New European programme launched
How do you get young people with disabilities to play sport?
Young people with disabilities tend to exercise less than their peers. To remedy this situation, a three-year European research programme was launched on the 15th of January. Researchers and students from Inholland University of Applied Sciences are collaborating with project partners on methods that will literally get children, parents, municipalities and other stakeholders active.
Sport has health and social benefits. When people are participating, they feel better, which in turn is good for their self-image and self-confidence. These aspects are particularly beneficial for young people with disabilities. All the same, relatively few of them play sports, not just in the Netherlands, but also in the rest of Europe. Inholland has therefore set up the Sport Empowers Disabled Youth (SEDY) project with a grant from the Erasmus+ Sport programme.
Inholland as overall coordinator
'This programme has already run from 2015 to 2017', says project leader Afke Kerkstra, a researcher in Inholland's Power of Sport research area. 'Afterwards, we discovered that more was needed to ensure inclusion in sport. For this reason, we re-enrolled together with universities of applied sciences and sports organisations from Finland, Lithuania and Portugal. Three years later, we are picking up where we left off. Inholland is the overall coordinator of this SEDY 2 project.'
Students as personal coaches
The previous project led to two major interventions. 'Through the Focus on Me method, we made young people's voices heard', says Kerkstra. 'What do they need and how can sports opportunities be tailored accordingly? In addition, we worked with Sport Studies students as personal coaches to actually get the children to play sports. Both the children and their parents experience barriers to taking that step. With their enthusiasm, students can break through those barriers and look for suitable opportunities.' In the SEDY 2 project, the researchers focus on exactly what inclusion in sport means. They are developing, testing and sharing new methods and measuring their impact.
We worked with Sport Studies students as personal coaches to actually get the children to play sports. Both the children and their parents experience barriers to taking that step. With their enthusiasm, students can break through those barriers and look for suitable opportunities.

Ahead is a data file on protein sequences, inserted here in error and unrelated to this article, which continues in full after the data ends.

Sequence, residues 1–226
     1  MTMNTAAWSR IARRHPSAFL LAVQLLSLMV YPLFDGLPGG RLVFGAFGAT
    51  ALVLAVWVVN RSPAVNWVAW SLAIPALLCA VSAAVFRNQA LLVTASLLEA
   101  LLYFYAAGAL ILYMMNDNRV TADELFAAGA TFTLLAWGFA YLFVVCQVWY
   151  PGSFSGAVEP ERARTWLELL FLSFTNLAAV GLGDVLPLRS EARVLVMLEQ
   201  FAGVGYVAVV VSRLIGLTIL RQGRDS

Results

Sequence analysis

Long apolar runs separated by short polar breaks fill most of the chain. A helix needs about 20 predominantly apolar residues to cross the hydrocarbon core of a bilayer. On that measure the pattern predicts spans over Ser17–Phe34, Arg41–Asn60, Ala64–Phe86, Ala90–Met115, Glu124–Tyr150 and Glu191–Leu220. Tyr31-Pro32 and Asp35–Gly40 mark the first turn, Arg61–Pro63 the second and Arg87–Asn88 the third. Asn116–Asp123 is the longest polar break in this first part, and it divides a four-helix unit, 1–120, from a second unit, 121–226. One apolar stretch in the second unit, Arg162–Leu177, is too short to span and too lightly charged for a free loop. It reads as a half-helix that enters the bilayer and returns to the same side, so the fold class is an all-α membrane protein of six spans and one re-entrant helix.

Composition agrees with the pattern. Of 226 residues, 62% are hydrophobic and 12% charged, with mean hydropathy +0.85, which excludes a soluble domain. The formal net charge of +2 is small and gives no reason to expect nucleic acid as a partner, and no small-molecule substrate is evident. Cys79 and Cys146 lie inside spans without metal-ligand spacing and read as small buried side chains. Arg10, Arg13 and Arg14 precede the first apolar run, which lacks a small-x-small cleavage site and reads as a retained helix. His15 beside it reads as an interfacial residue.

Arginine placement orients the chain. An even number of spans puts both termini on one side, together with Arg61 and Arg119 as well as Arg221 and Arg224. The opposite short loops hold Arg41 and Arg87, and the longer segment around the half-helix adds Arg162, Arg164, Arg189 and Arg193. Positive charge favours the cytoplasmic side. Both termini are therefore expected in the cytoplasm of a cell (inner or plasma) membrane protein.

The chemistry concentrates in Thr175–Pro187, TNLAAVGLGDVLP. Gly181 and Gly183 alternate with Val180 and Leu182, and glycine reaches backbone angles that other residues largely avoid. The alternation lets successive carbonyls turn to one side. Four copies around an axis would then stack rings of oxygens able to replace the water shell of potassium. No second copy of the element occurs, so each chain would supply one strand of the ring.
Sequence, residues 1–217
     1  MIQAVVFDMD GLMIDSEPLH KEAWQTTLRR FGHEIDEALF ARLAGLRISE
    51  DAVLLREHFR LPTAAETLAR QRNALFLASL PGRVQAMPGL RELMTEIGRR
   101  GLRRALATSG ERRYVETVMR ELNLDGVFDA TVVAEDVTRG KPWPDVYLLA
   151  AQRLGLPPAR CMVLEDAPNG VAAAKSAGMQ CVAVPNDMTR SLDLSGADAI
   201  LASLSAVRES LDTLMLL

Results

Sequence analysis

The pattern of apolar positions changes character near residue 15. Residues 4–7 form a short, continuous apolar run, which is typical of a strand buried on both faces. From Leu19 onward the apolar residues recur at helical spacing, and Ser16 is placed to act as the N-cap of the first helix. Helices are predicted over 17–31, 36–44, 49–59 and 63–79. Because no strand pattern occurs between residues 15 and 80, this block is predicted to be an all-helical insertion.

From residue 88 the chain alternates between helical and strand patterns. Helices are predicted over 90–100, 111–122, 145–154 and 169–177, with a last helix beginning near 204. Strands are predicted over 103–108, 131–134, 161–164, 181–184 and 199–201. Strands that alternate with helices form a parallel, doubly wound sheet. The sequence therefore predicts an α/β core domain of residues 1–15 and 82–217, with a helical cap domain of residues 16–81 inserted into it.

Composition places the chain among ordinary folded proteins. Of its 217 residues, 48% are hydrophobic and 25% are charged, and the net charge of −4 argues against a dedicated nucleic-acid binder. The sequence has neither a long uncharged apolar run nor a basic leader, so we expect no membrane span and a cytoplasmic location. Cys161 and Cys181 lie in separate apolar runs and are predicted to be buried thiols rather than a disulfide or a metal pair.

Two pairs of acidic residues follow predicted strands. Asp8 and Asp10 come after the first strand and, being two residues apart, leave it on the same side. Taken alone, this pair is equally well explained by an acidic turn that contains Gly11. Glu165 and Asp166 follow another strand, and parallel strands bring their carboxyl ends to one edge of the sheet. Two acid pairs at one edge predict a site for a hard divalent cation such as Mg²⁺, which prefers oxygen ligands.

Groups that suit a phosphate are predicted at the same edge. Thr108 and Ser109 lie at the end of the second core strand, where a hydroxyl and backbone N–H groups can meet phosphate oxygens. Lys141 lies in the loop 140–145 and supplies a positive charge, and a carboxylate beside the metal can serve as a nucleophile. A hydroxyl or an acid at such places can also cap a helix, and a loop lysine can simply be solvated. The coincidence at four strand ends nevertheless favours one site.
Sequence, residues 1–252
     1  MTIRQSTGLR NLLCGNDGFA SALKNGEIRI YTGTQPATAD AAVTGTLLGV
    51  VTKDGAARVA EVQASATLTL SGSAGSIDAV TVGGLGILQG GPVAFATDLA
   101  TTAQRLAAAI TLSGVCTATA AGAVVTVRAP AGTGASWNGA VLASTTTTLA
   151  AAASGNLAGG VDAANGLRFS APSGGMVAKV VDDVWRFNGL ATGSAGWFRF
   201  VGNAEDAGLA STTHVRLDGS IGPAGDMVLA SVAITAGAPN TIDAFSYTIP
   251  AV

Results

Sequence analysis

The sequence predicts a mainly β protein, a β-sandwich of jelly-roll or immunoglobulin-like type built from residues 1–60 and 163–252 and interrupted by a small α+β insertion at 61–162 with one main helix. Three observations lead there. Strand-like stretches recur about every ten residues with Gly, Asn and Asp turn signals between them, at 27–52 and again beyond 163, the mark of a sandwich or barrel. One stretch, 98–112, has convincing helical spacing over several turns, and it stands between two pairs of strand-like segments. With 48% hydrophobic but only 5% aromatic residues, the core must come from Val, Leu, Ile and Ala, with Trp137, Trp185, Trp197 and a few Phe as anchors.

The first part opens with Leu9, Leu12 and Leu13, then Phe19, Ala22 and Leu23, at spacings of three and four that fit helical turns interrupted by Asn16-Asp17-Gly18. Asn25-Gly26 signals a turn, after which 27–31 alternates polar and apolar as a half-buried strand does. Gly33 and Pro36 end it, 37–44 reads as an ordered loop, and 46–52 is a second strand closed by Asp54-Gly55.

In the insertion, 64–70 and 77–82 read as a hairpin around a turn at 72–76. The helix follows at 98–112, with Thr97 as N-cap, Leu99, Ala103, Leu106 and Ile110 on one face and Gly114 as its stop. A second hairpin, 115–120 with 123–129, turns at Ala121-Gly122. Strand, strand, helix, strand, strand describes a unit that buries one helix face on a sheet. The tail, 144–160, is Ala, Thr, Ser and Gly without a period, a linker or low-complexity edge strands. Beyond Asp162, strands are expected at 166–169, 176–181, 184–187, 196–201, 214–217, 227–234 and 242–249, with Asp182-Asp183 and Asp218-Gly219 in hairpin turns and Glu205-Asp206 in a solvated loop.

Combining research and education
Kerkstra focuses on the interaction between research and education. 'SEDY offers fourth-year students a great project for their graduation profile. Second-year students can also join us for a short work placement. At the same time, we can make good use of their reports for our research objectives to improve the interventions still further.'
'Trained to lead discussions'
One of the participating students is Geert-Jan Borst, a fourth-year Sport Studies student at Inholland Haarlem. 'In the SEDY project, I supervised a 15-year-old boy with a language development disorder. Together, we considered what sports could do for him and searched for opportunities. For SEDY 2, I trained as a discussion leader for focus groups. These bring together young people, parents and other stakeholders to discuss various issues relating to sport and children with disabilities.' Geert-Jan does not yet know whether he will continue down this path after graduation. 'I would actually like to work in rehabilitation. But what I am learning about mentoring young people and as a discussion leader will certainly come in useful in my later career.'
I would actually like to work in rehabilitation. But what I am learning about mentoring young people and as a discussion leader will certainly come in useful in my later career.
'In Portugal, we are working to raise awareness'
Project partners in other countries express the same enthusiasm, such as researcher Nuno Pimenta from Sport science school in Rio Maior, Portugal. 'SEDY 2 is intended to focus more on what each country needs most. In Portugal, we will mainly focus on raising awareness: not enough people currently recognise the importance of inclusion in sports.'
'Different countries supporting each other'
'In Finland, the situation is similar to that of the Netherlands', says Aija Saari, a researcher at the Finnish Paralympic Committee. 'For example, we also worked with personal coaches. To our surprise, we were able to reach over 400 children in this way – much more than we had thought. Our colleagues in the Netherlands encouraged us to go for it anyway. That's one of the great things about this project: you can support each other from different countries, and we can pass on the results we gain in practice to other countries and vice versa.'